Fun with Telescopes

Recently I purchased a small telescope to look at solar spots. When choosing a mount, I checked whether it can be controlled with OSS.

In this context INDI is mentioned everywhere and my desired mount was supported. indi and kstars are already part of Debian, so “apt install”, selecting my mount, …. oh, wait, the menu shows it, but I can not select it.

Ok, that was the time when I learned about the difference of indi and indi-3rdparty. The indi package just contains a few drivers and others are available from a different repository. This split has been done either due to different release cycles of the driver, a different OSS license of it, or just due to binary blobs without source being part of some drivers.

Fine, there are already packages of the 3rdparty-repository available from an Ubuntu PPA, so it should be no problem to add them do Debian as well.

Some manufacturers freely distribute at least the specification of their API so that others are able to write the corresponding software. Some manufacturers even write their own driver. Examples are:

  • Skywatcher (mounts who can be controlled by the Skywatcher Protocol)
  • Shelyak to control some spectrographs
  • Radio Astronomy Supplies’ SpectraCyber hydrogen line spectrometer
  • Vixen, for controlling Vixen Starbook and Vixen Starbook Ten
  • Starlight Express, SX CCDs, SX wheel and SX Active Optics

A minor part actually does not have binary blobs but distributes the sources of their software. Unfortunately they have licenses that are not compatible with DFSG and those packages still need to go to non-free. Examples are:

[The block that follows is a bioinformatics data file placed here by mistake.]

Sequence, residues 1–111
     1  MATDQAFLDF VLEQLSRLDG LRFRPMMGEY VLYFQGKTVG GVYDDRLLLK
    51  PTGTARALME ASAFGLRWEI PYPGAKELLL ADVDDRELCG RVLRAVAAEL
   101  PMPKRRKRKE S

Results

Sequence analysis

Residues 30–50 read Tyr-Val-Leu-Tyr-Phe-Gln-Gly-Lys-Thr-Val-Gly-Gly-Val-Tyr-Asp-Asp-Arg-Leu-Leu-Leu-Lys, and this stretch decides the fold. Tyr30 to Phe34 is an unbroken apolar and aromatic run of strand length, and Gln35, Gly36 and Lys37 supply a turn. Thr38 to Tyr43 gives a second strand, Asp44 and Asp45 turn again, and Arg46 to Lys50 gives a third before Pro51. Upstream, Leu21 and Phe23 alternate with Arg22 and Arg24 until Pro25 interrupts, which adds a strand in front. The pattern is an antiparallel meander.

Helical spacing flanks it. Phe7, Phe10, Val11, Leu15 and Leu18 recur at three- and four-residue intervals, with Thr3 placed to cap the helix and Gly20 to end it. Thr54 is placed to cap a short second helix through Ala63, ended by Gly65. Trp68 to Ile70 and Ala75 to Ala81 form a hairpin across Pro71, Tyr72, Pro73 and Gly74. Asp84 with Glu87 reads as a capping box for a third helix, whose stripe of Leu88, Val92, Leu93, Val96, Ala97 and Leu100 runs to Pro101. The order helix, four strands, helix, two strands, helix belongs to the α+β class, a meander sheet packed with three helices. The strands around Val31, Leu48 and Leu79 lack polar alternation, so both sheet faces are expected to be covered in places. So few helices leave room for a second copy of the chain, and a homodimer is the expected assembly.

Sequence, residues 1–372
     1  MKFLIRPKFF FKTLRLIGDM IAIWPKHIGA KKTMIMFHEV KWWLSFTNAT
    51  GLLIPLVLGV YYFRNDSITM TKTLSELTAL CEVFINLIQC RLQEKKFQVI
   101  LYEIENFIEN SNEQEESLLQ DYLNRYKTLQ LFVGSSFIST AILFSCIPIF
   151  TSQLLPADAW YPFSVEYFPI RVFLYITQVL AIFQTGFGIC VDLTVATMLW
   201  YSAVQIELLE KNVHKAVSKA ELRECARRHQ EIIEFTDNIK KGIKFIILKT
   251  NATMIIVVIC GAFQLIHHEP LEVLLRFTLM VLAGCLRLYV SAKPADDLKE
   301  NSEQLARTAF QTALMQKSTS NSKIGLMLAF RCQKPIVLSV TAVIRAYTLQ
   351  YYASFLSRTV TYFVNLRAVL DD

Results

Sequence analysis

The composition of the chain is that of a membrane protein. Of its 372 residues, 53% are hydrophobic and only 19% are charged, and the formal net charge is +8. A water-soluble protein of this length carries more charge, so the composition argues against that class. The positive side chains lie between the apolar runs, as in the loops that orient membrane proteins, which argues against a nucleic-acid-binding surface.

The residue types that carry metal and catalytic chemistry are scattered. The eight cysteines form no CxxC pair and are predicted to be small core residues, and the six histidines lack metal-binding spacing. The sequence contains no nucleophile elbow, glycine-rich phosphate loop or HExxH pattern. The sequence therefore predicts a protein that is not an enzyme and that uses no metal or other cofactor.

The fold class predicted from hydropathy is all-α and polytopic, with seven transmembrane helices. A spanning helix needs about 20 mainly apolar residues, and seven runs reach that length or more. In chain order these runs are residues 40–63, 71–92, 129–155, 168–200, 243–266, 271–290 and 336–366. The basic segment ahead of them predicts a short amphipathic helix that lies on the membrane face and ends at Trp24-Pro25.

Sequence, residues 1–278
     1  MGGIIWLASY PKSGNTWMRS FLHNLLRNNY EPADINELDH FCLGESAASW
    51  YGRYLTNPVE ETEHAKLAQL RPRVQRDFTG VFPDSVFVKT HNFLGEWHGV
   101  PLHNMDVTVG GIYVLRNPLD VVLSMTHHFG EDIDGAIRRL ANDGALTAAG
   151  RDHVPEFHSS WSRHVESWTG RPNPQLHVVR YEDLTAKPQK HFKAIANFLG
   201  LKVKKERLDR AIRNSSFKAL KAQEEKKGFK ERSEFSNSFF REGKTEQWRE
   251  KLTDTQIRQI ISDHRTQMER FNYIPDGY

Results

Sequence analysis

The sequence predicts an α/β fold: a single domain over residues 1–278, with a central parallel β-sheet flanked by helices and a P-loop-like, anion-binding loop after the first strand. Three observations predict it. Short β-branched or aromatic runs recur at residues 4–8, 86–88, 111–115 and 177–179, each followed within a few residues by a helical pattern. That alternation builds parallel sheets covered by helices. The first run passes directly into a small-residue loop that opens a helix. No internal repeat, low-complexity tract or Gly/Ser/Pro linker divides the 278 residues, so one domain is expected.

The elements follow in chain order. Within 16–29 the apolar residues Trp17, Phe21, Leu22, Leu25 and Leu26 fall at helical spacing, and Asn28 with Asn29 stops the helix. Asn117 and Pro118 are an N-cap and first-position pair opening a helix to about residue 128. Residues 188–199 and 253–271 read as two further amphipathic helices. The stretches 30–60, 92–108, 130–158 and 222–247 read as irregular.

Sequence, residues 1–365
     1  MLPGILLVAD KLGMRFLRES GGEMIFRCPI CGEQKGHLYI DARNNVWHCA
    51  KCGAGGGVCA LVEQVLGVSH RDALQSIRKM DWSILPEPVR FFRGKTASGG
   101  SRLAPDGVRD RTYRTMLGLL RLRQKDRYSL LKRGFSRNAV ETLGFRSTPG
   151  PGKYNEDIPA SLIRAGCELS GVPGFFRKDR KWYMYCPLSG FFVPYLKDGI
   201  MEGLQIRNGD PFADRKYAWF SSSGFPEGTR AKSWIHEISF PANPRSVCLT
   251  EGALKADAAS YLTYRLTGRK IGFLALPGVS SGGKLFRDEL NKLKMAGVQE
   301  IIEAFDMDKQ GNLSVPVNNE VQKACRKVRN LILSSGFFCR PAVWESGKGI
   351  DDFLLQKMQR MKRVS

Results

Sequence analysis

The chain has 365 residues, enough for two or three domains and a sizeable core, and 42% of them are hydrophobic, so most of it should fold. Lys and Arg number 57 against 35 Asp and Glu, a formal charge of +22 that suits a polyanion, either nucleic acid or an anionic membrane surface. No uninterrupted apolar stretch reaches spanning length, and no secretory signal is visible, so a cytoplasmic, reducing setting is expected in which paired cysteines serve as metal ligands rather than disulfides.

• Finger Lakes Instrumentation (FLI), L.L.C.
  • Lunatico Astronomia
  • Astrojolo
  • Astromechanics

But there also seem to exist lots of manufacturers of astronomically accessories, especially cameras, that just distribute some binary blobs to talk to their hardware. This is sad, but at the moment it is just the way it is and such package need to go to non-free.

Luckily their blobs are accompanied with corresponding licenses. At least those manufacturers understand how software licenses work and packaging their SDK is just straight forward. Examples are:

  • SBIG Astronomical Instruments
  • Moravian Instruments Inc.
  • Player One Astronomy

However, when looking at the license information of some Ubuntu packages, several of them were distributed under a CC license. This is not a common license for software, so I wanted to get a confirmation whether these information are correct.

Unfortunately most of such manufacturers don’t want to disclose their licenses. For whatever reason they distribute their tarballs without any hint and emails to their support channels are just ignored. Examples of such bad behaviour are:

  • Altaircam
  • QSI (was bought by Atik)
  • Atik
  • Touptek
  • QHY

However the best answer comes from the Levenhuk support. My question about the license of their SDK was answered by:

I am afraid we cannot disclose any further information except the software file that is available on our website.

So strictly speaking nobody is allowed to use their software. I wonder whether such competence also becomes visible in their products. I will never really know as there are more than enough OSS friendly manufacturers available.

Anyway, most of the indi-3rdparty drivers are now available and I got lots of suggestions about hardware I need to buy in the future :-).

Fun with APC USV

About two years ago I bought two APC Back-UPS BX. Everything worked fine and they helped to survive one or two power cuts. Occasionally on one of them I got a message about a power outage whereas the other remained silent. Yet everything worked fine and I didn’t pay attention. After a while these messages did not appear again.

Some days ago I wanted to look at the battery state and was quite surprised to only get an error message about a lost connection to the USV. The USV was not available on the USB bus and disconnecting/connecting the USV or rebooting the attached computer did not help. I had to switch off the USV, really pull the plug and wait sometime. Afterwards everything worked fine again. Of course the other one had the same problem :-(.